Secrets of Photography

Tonight we welcomed Rob Cuss back to the club to give his talk on Secrets of Photography. This was a digital presentation which was split into three sections and was aimed at providing us the hints and tips that we would be unlikely to read in standard photography books and magazines.

The first half of the meeting was dedicated to Robs pursuit of capturing the ideal shot of an Osprey; in fact Rob had eight specific shots he wanted to capture. Rob explained how he has made six visits to a hide in Rutland where the Osprey would feed on the fish in one of the ponds at a trout farm. He explained that he either needed to be there in the early hours of the morning or late into the night and it would entail sitting for at least 4 hours wearing through netting in an attempt to see the bird making a dive which would be over in a flash. He included some humorous stories from the hide including one hot day when all his companions were stripped off to their underwear to combat the heat.

Rob showed us many images of Osprey that were blurred, too big in the frame, dull or just not very good in order to convey to us that, just because you are sat in a hide where the bird was almost guaranteed to visit, didn’t mean you would get a good shot. We could see how Rob learnt not just about the birds habits, but also about his camera and lens and shooting in different conditions. Rob has some stunning shots of the Osprey but it was clear he would be going back to make sure he captures all eight images he wants.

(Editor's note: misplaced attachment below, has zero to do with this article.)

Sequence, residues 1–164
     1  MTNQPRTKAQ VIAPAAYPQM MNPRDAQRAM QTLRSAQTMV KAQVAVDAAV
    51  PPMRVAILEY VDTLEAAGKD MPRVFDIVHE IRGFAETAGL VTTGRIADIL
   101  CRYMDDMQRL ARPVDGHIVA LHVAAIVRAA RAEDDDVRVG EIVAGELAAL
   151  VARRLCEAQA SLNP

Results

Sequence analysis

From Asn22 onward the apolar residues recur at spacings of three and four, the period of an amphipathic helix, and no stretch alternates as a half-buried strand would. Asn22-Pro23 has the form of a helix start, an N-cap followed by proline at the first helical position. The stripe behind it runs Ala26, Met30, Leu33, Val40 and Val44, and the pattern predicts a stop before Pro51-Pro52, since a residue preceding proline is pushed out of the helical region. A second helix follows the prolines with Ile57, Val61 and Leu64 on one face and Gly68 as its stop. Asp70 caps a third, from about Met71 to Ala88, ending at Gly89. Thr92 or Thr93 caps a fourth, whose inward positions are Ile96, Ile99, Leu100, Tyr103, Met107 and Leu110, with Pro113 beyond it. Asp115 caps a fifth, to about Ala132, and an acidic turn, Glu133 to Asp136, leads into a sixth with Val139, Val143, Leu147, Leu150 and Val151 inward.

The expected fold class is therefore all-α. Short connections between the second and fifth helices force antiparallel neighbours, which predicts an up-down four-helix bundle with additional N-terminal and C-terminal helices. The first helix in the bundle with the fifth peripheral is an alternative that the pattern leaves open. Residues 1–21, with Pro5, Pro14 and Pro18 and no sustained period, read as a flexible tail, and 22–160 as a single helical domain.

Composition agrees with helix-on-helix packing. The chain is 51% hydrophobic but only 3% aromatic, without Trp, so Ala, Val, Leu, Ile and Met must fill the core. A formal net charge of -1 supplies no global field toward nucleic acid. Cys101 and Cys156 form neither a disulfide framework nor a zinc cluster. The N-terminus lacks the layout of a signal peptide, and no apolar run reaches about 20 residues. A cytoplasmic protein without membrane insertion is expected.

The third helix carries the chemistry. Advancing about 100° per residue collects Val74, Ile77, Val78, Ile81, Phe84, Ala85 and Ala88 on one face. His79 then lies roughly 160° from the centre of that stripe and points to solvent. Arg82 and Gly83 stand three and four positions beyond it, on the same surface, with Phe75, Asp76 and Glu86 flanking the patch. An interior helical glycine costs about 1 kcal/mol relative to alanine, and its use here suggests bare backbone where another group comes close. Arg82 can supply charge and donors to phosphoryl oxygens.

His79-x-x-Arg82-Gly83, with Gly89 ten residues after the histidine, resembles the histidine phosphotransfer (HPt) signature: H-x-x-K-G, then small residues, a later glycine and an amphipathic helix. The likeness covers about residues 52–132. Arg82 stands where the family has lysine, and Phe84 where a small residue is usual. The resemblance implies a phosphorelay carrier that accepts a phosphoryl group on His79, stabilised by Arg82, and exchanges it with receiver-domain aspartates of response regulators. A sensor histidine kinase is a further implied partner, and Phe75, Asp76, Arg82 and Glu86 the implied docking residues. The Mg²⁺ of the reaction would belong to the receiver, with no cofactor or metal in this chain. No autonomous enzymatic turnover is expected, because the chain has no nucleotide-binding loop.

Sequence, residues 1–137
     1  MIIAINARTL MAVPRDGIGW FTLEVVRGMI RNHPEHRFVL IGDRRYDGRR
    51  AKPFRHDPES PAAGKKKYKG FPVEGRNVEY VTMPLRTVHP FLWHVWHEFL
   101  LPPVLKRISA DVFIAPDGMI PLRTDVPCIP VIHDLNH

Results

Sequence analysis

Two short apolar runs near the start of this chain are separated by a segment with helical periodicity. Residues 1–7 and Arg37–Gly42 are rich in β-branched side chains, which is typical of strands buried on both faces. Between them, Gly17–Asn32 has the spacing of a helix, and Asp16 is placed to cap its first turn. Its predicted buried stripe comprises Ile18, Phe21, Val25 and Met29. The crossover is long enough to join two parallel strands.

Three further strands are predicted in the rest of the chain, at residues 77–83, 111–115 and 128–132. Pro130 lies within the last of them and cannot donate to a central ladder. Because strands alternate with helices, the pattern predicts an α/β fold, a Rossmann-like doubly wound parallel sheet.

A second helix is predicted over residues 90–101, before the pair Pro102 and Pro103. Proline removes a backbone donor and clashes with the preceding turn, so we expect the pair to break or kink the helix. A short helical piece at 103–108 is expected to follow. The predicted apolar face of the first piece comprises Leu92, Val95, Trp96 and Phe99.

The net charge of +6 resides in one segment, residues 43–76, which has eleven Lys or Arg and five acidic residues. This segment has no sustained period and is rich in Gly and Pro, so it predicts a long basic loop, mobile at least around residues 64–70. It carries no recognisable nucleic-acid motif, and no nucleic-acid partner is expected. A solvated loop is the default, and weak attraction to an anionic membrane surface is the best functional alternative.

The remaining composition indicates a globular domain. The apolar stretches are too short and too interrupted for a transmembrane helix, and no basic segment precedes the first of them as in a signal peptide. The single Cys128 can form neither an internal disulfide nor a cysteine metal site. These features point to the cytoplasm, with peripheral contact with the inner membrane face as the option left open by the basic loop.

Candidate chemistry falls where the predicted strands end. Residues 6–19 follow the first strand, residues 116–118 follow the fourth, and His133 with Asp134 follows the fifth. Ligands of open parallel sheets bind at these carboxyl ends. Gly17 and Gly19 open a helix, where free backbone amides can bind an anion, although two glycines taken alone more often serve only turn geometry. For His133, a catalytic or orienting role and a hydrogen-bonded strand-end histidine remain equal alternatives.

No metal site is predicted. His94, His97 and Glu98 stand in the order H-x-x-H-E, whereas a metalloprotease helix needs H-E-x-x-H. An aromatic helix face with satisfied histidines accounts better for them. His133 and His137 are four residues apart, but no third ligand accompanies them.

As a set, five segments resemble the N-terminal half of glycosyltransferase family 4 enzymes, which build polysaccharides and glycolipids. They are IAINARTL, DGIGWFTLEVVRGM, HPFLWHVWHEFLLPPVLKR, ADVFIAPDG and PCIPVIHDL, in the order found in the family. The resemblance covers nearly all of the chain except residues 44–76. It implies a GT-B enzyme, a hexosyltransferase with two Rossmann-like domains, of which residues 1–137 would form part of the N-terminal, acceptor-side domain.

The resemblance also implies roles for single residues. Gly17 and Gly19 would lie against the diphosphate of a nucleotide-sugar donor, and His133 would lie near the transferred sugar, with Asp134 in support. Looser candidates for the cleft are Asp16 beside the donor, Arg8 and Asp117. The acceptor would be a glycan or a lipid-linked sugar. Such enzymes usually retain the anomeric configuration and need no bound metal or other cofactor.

After the break Rob turned to his love of underwater photography and how he wanted to capture images of Auks swimming. Much like his talk on Ospreys, Rob took us through the bushcraft needed to achieve the desired shots. This involved several visits and dives at St. Abbs, his favourite place to dive, and the Farne Island with us again being shown many failed shots whilst learning the best way to get the required results. Rob explained how Puffins were difficult to capture, mainly due to size, Razorbills were rarely swimming close, with Guillemots providing the best opportunities.

Rob concluded this part of the talk by showing us his image “Scatter” which was commended in the Underwater Photographer of the Year 2019 British Waters Wide Angle section – Well done Rob.

The evening was rounded off by Rob showing us how he uses a variety of different photographic techniques in his roll at The British Geological Survey as a Rock Mechanics and Fracture Flow Specialist. These included the use of a 1000 frame per second camera, time lapse photography, X-rays and micro photography and the images were fascinating.

We would publicly like to thank Rob Cuss for providing us with a thoroughly entertaining and informative evening and we hope to see him back at the club again in the future.

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